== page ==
Day 19: Somewhere in Sweden

Day 19: Tuesday, 5 May 2020 – Gothenburg, Sweden (57.7089° N, 11.9746° E) (23,216 Covid-19 case & 2,854 deaths as of today in Sweden)

Today I wear my heart on my sleeve…

All the Nordic Nations make me smile. Then they make me laugh. The happiness of their citizens is catchy. So of course it begs the question: Why are the Nordic people so damn happy?

May I suggest the following self-evident reasons:
-they don’t worry about child care…it’s universally available from well-regulated private providers.
-the don’t worry about health care…it’s universal, everyone is covered no matter where they work…and outcomes are high.
-they don’t worry about their children’s education…of course it’s universal and free…teachers all have their Master’s degree too!
-they don’t worry about college tuition costs…they accept the social investment of an educated citizenry/workforce and tuition is nominal.
-they don’t worry about unemployment/job loss…90% of lost wages are covered until another job is found or they are retrained.
-they don’t worry about their retirement…everyone has both well-safeguarded private pensions and public retirement benefits.
-they don’t worry about prescription costs…the government negotiates and caps pharma prices.
-they don’t worry about the displacing effects of globalization & economic creative destruction…workers are routinely retrained and have well-funded social safety nets.
-they don’t worry about having children…they know they will get paid parental leave, have prenatal care, child healthcare & child care.
-they don’t worry about growing income inequality…everyone receives a real-world living wage and they have an actual progressive taxation system with no tax loopholes & corporate CEO pay is capped at 5-10x what the average worker makes.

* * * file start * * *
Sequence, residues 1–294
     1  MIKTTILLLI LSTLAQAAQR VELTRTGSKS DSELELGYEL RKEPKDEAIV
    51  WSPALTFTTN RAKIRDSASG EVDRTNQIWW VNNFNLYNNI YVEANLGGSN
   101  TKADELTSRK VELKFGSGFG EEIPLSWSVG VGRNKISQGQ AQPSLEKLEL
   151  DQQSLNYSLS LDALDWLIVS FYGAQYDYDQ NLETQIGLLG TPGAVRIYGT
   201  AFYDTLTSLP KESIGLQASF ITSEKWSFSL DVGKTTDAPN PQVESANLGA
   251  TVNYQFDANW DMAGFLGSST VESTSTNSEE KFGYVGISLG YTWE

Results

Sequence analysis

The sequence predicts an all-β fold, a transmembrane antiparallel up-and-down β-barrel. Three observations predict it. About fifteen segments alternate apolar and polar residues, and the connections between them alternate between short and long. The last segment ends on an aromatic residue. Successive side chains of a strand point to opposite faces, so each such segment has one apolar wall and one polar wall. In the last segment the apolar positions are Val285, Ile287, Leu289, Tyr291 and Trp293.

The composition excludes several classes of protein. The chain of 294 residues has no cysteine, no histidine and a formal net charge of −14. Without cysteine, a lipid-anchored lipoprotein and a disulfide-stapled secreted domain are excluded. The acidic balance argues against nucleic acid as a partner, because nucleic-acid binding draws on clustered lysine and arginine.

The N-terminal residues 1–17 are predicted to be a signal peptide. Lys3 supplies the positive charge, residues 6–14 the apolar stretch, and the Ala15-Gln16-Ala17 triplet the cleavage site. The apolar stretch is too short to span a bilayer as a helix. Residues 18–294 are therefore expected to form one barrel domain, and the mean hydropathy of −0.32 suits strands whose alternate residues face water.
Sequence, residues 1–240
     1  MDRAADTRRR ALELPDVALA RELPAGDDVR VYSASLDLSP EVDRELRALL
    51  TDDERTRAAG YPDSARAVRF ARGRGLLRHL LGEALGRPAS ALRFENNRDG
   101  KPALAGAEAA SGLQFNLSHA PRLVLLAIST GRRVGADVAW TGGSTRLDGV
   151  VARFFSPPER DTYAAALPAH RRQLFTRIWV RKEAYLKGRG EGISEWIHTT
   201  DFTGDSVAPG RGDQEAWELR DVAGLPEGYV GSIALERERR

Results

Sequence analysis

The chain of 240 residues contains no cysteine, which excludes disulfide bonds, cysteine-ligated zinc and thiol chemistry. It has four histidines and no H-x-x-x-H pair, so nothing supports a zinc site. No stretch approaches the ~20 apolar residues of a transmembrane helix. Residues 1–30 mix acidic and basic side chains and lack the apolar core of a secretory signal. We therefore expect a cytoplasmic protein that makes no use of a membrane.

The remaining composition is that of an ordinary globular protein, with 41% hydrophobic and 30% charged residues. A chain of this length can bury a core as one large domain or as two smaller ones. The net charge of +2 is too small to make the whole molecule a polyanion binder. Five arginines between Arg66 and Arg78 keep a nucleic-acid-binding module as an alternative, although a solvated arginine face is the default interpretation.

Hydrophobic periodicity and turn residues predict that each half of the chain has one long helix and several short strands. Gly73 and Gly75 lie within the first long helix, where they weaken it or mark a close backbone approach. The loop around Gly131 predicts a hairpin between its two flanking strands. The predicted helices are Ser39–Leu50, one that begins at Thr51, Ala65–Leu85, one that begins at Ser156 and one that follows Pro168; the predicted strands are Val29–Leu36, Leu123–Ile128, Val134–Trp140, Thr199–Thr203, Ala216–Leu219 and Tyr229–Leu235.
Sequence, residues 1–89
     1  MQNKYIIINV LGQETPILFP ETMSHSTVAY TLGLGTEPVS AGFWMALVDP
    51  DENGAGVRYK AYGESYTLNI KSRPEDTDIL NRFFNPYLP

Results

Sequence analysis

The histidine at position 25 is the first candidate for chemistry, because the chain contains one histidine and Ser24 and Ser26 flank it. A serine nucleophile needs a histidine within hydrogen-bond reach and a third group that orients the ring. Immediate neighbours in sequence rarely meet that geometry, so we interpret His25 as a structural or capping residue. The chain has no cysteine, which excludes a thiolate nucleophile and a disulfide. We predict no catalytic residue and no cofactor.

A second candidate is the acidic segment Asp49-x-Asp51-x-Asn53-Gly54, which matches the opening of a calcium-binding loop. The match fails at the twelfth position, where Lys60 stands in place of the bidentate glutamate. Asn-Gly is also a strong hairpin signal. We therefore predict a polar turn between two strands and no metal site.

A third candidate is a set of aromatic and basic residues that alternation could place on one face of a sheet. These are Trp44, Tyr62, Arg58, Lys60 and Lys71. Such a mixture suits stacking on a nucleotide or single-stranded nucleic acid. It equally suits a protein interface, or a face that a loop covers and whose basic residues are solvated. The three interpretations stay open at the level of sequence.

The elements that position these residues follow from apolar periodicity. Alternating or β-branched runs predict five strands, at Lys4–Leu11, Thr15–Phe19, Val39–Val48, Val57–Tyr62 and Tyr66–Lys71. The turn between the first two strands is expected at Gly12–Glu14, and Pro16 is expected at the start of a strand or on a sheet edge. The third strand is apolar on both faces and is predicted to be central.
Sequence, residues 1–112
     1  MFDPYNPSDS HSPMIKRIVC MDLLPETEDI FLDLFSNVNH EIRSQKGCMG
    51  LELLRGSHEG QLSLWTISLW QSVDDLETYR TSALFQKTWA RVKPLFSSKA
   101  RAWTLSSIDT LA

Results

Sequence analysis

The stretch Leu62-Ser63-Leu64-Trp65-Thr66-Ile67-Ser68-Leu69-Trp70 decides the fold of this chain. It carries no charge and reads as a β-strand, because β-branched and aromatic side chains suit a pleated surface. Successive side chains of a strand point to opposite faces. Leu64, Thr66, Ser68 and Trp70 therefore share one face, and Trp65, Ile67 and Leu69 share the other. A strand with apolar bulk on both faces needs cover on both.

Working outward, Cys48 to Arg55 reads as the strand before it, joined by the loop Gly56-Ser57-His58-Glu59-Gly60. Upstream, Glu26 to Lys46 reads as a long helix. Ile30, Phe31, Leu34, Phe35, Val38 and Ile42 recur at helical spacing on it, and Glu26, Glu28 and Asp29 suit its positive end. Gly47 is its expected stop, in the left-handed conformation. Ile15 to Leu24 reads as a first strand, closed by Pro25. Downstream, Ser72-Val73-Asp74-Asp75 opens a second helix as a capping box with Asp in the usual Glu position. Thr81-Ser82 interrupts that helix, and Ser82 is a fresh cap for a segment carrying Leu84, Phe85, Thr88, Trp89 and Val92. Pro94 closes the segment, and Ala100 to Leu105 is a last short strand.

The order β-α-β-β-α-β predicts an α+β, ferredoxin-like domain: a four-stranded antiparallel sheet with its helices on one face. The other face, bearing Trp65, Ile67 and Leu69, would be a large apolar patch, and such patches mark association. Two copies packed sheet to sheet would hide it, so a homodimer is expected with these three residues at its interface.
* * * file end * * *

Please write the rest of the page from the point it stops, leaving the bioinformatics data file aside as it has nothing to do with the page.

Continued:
-they don’t worry about an out-of-whack work-life balance…because they have predictable work hours, shorter work weeks, and are guaranteed paid vacations and national holidays off.

Hmm…be honest now, if you didn’t have to really worry about all the above bolded daily life concerns, my bet is that you’d be pretty frikin’ happy too!

As someone in America has said, repeatedly: These are not radical ideas.

The Nordic Model has their governments serve their citizens in an agreed social contract that balances individual liberty with the common good–not just what’s good for the top 10%. They figured out how to regulate the extremes of financial sector profits, and have done it democratically with better protections for workers and the environment. This is not to say they don’t have problems and are continually tweaking their system to make it work better and deliver they societal goods more efficiently. That is what good government does. But the fact of the matter is, that the Nordic nations have all succeeded in having both about as much, or faster, growth rates in per capita incomes than the United States has, and done it with far greater equality–and I am sorry to say, with significantly higher rates of social and economic mobility too. On almost every index of social well-being: economic equality, poverty reduction, life expectancy, healthier lives, gender equality, homelessness, social mobility, decency, fairness, social trust, honesty, environmental sustainability, human development, quality of life, happiness, affordable housing, modernization, democratic participation and overall citizen satisfaction, they exceed we the people of the United States of America. They have achieved this and still have capitalism, democracy, high standards of living, freedom and liberty, healthy lifestyles, and all while remaining socially cohesive, family-orientated and almost crime free.